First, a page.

The alleged attack could not be independently verified. Staff members from international aid organizations, including the United Nations High Commission for Refugees (UNHCR), Doctors Without Borders, and the World Food Program had been recalled to Rangoon for safety reasons following the outbreak of ethnic violence in Rakhine state.

Denied entry

Earlier, RFA had reported that it was unclear whether the helicopter was of Burmese or Bangladeshi origin, but that the refugees had been targeted after being turned away by authorities in Bangladesh.

But the Bangladeshi newspaper The New Nation reported Friday that the BGB had denied that any such incident had taken place.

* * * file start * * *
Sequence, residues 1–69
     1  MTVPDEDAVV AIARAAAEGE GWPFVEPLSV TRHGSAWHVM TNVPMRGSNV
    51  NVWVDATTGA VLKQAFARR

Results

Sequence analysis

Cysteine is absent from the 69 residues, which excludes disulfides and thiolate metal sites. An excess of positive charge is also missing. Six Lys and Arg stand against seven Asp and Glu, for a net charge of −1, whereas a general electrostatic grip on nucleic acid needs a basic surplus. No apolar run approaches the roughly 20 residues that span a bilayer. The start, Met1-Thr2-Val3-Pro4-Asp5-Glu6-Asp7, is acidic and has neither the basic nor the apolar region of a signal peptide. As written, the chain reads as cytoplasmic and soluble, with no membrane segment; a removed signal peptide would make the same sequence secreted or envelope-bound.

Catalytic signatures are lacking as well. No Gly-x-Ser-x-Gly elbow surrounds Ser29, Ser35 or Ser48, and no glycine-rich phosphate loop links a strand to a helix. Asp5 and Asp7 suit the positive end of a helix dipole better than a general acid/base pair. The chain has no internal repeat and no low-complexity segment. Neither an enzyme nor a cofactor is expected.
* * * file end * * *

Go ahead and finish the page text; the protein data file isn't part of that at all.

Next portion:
The New Nation reported Friday that the BGB detained 16 Rohingyas who had tried to sneak into the country, also near Teknaf, over a 12-hour period on Thursday.

The latest detentions bring to 946 the number of Rohingyas who have been detained while seeking refuge in Bangladesh since sectarian violence erupted between Buddhist Rakhines and Muslims in Burma’s Rakhine state in early June.

At least 2,000 Rohingyas have tried to enter Bangladesh since the clashes began.

Bangladesh says that its resources are already overly strained and has refused to accept the Rohingyas despite appeals from the United Nations to grant them refugee status.

Bangladeshi officials estimate that a total of 300,000 Rohingya people live in the country, with only about a tenth of them in two official refugee camps in the southern district of Cox's Bazaar.

Burma considers the Rohingyas to be illegal immigrants from Bangladesh and denies them citizenship while Bangladesh says Rohingyas have been living in Burma for centuries and should be recognized there as citizens.